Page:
• Oswaldo Goeldi, Briga de Rua (Street Fight), 1926, woodcut print, 5 1/2 x 8".

    Oswaldo Goeldi

    Museu de Arte Moderna de São Paulo (MAM)
    Parque Ibirapuera gate 3 - s/nº
    June 14–August 19, 2012

    Curated by Lani Goeldi and Paulo Venancio Filho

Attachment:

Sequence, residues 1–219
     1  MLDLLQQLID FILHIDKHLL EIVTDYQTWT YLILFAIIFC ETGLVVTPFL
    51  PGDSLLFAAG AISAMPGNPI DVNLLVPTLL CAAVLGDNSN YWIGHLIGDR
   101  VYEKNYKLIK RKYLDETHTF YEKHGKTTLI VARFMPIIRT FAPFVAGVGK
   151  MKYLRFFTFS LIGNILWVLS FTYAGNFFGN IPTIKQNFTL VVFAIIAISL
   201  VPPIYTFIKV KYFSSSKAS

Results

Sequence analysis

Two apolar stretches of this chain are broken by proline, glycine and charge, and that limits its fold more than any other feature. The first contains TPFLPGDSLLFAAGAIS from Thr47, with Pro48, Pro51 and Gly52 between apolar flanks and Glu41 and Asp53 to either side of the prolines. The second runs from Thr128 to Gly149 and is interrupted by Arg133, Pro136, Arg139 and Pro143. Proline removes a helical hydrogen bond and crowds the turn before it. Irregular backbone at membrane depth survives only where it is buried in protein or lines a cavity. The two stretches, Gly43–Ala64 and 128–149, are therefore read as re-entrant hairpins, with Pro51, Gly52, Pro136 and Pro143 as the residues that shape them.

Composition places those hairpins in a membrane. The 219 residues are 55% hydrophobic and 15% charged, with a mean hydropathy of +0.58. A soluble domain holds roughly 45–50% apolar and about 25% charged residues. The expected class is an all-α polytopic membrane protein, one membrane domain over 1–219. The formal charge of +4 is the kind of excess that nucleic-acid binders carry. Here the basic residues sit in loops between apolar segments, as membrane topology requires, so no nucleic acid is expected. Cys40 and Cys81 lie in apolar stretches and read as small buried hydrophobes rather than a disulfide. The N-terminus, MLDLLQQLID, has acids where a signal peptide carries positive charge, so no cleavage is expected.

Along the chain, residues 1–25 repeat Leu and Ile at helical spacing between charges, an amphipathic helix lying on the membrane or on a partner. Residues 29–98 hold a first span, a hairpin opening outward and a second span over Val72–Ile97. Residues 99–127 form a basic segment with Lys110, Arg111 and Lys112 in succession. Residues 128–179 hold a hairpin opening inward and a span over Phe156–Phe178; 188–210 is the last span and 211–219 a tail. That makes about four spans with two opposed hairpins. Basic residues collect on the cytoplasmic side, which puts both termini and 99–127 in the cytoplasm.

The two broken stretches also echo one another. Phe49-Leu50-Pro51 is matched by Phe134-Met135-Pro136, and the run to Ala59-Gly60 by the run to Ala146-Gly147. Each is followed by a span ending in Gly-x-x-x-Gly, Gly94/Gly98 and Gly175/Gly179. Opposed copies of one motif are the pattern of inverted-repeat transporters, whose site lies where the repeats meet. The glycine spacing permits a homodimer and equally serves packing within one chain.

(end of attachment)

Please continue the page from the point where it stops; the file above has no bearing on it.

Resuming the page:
A key figure of prewar Brazilian modernism who participated in São Paulo’s pivotal Semana de Arte Moderna festival in 1922, Oswaldo Goeldi is known for wood engravings that adapted the rough draftsmanship and haunted street scenes of German Expressionism (which he experienced as a young adult in Switzerland) to depict an urban Brazil in flux. Unlike his better-known contemporary Tarsila do Amaral, who conjured brightly lit tropicalist paintings, Goeldi favored restrained accents of rarely more than a single color submerged in black; his subjects appear anxious and downtrodden in their claustrophobic surroundings. Showcasing nearly 150 works, MAM’s retrospective will emphasize the artist’s print production between the late 1920s and his death in 1961, supplemented by ephemera—book and newspaper illustrations, letters, and photographs—as well as the artist’s press and even his studio, here reconstructed.